The world’s discrimination and violence against women and girls is the most serious, pervasive, and ignored violation of basic human rights: This is President Jimmy Carter’s call to action.
President Carter was encouraged to write this book by a wide coalition of leaders of all faiths. His urgent report covers a system of discrimination that extends to every nation. Women are deprived of equal opportunity in wealthier nations and “owned” by men in others, forced to suffer servitude, child marriage, and genital cutting. The most vulnerable, along with their children, are trapped in war and violence.
A Call to Action addresses the suffering inflicted upon women by a false interpretation of carefully selected religious texts and a growing tolerance of violence and warfare. Key verses are often omitted or quoted out of context by male religious leaders to exalt the status of men and exclude women. And in nations that accept or even glorify violence, this perceived inequality becomes the basis for abuse. President Carter and his wife, Rosalynn, have visited 145 countries, and The Carter Center has had active projects in more than half of them. Around the world, they have seen inequality rising rapidly with each passing decade. This is true in both rich and poor countries, and among the citizens within them.
Carter draws upon his own experiences and the testimony of courageous women from all regions and all major religions to demonstrate that women around the world, more than half of all human beings, are being denied equal rights. This is an informed and passionate charge about a devastating effect on economic prosperity and unconscionable human suffering. It affects us all.
About the Author
Jimmy Carter was the thirty-ninth President of the United States, serving from 1977 to 1981. In 1982, he and his wife founded The Carter Center, a nonprofit organization dedicated to improving the lives of people around the world. Carter was awarded the Nobel Peace Prize in 2002. He is the author of thirty books, including A Full Life: Reflections at Ninety; A Call to Action: Women, Religion, Violence, and Power; An Hour Before Daylight: Memoirs of a Rural Boyhood; and Our Endangered Values: America’s Moral Crisis.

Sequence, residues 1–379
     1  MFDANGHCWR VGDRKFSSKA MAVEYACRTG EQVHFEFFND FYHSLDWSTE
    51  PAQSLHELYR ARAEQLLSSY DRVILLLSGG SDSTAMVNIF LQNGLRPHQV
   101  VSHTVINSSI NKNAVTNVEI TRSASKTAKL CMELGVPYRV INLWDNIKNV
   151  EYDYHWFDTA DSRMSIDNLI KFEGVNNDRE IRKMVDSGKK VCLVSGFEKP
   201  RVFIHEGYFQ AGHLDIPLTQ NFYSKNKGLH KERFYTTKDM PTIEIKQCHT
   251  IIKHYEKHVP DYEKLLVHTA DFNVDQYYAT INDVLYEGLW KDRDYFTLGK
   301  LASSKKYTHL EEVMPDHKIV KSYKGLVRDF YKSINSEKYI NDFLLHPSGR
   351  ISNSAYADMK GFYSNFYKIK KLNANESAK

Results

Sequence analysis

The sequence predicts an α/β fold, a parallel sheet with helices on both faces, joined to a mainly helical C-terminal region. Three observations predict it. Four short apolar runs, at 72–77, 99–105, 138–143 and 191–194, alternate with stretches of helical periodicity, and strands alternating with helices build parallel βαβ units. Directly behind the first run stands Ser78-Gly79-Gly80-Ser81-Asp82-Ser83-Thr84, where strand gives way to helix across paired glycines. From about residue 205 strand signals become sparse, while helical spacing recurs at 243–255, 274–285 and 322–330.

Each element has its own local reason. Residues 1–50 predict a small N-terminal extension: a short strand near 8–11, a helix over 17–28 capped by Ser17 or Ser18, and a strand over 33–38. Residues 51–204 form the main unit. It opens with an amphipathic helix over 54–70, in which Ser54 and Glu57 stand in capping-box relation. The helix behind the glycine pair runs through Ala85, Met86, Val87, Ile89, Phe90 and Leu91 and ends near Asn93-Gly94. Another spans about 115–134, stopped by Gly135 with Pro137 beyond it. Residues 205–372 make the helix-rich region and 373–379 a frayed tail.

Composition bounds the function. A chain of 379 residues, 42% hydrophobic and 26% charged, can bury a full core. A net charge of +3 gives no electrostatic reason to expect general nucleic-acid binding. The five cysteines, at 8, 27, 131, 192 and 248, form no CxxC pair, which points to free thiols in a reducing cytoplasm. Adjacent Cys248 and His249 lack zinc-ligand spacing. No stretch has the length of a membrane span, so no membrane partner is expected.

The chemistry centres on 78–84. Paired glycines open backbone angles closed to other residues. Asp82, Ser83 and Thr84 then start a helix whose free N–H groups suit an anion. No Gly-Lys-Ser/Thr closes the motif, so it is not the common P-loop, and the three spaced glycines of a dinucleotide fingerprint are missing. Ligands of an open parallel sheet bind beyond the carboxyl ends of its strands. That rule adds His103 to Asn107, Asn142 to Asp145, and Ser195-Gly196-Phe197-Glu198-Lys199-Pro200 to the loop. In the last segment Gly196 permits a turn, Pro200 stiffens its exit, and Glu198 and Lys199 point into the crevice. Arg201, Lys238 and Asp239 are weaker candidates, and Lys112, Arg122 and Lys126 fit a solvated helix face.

“A tour de force of the global abuse and manipulation of women, including statistics that will stun most readers with details that cannot be ignored…The scope of the material is astounding…Mr. Carter's A Call to Action should not only be required reading in America, but should also serve as the template for a complete reinterpretation of the religious views behind our treatment of each other, to discover what he claims is the true meaning behind the miracle of creation.”
“A Call to Action reinforces his dedication to wiping out injustice—and his ability to move others to join his cause.”
“When reading A Call to Action, I got the sense that this is a man who has spent nine decades advocating for women and will continue to do so until his last breath. He is a man on a mission, listing 23 challenges he and The Carter Center are determined to work on for the betterment of women. He demonstrates how he used his influence throughout his lifetime to push women’s rights forward . . . Carter’s book overwhelms as well as inspires.”
“Women’s studies scholars and readers interested in international human rights may find these accounts of discrimination and abuse disturbing but should be challenged to respond to Carter’s call for action.”
“A Call to Action ends with a list of recommendations to ameliorate the condition of women and girls worldwide, such as having more women in higher public office and involving religious scholars to give a more forward-looking interpretation to their faiths. It is this commitment to a progressive religious outlook that makes Carter almost a lone voice in U.S. politics.”
“[Carter] wrote his book with deep knowledge, insight and compassion…Indeed, it is time to wake up.”
“A Call to Action enhances [Carter’s] role as elder statesman and human rights warrior by focusing entirely on the enslavement, degradation, and torture that women endure around the world. . . . an important book that should serve as a reference guide and instructional manual for dealing with the atrocities against women.”